From: Dictionary of American Naval Fighting Ships, Vol. VI, p 265

Sallie Wood

During the Civil War, Sallie Wood--also erroneously called Sallie Ward and Sallie Woods--retained her former merchant name while serving as a Confederate transport and, after capture, while operating as a dispatch vessel for the Union's Western Flotilla.

(SwStr.: t. 256)

Sallie Wood was a wooden steamer built in 1860 at Paducah, Ky. Early in the Civil War, she was acquired by the Confederate government and used as a troop transport on the Mississippi and its tributaries.

After a Union naval force under Flag Officer Foote captured Fort Henry, Tenn., on 6 February 1862, Lt. S. L. Phelps, in Conestoga, led gunboats, Tyler and Lexington, up the Tennessee River seeking Confederate shipping. On the 8th, they seized steamers, Sallie Wood and Muscle. The former was laden with iron intended for shipment to Richmond. Moreover, the sweep of the Union gunboats had compelled retreating Confederate forces to burn three other Southern vessels lest they be captured.

In returning down stream, Muscle sprang a leak and sank, but Sallie Wood descended safely and was taken into the Western Flotilla for service as a transport, a tug, and an ammunition ship.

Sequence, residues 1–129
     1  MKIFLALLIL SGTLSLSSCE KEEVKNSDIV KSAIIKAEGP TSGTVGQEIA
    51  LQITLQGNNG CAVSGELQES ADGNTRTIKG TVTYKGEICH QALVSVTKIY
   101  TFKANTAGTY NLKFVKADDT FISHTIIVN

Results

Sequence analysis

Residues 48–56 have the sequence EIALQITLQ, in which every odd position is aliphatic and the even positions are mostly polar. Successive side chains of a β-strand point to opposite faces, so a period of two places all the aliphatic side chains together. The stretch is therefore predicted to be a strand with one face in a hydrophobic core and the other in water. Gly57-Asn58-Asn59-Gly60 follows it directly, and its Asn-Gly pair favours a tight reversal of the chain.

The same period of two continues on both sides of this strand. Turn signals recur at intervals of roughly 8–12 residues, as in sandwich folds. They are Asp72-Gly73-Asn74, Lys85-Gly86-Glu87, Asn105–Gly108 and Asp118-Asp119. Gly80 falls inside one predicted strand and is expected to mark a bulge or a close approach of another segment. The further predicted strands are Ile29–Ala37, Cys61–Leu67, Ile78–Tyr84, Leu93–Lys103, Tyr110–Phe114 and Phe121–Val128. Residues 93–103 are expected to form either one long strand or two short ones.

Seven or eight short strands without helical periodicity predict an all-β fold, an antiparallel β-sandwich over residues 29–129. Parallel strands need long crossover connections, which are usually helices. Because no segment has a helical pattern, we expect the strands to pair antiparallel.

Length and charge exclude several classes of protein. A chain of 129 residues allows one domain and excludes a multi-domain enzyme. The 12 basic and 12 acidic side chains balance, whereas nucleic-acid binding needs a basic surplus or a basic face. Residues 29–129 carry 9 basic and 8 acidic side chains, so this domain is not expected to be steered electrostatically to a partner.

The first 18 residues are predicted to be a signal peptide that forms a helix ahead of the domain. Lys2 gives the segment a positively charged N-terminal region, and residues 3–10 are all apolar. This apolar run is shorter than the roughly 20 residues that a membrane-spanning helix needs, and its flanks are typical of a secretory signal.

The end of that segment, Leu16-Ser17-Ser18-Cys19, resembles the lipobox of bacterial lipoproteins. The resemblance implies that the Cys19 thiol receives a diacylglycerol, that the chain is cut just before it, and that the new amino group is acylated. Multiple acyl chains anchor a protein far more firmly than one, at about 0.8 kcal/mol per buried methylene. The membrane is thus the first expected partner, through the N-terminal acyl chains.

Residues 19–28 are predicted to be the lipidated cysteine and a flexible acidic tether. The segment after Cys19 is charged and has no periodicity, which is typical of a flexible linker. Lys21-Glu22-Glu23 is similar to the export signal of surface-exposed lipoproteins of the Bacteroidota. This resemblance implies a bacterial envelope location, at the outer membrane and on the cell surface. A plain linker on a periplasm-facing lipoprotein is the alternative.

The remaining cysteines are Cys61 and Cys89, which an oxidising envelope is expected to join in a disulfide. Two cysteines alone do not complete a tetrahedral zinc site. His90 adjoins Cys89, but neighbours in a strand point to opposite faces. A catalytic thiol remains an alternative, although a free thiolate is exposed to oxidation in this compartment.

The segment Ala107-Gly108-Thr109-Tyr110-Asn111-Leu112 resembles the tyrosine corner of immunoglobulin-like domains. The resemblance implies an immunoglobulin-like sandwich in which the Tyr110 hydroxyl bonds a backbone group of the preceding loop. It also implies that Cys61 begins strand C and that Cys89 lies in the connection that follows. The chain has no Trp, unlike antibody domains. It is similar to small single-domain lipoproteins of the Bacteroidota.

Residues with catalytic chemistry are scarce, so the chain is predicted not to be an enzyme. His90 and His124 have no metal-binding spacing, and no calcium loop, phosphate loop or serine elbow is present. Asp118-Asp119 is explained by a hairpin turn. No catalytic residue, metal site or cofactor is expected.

While steaming along the navigable branches of the Mississippi, Sallie Wood occasionally braved fire from masked riverside batteries. In July, as she ascended the Mississippi carrying sick soldiers, she was fired upon by Confederate cannon concealed ashore at Carolina Landing, at Princeton, and at other points above. On the 21st, attacks on the steamer were made from Argyle Landing and from Island No. 82. A shot during the latter ambush pierced her steam drum and left her dead in the water. Her pilot used the current to run her aground on the island, but the cannonade continued until all of the side wheeler's officers, crew, and passengers had been forced to leave the ship. The Confederates later removed whatever they could salvage and burned the steamer to her waterline.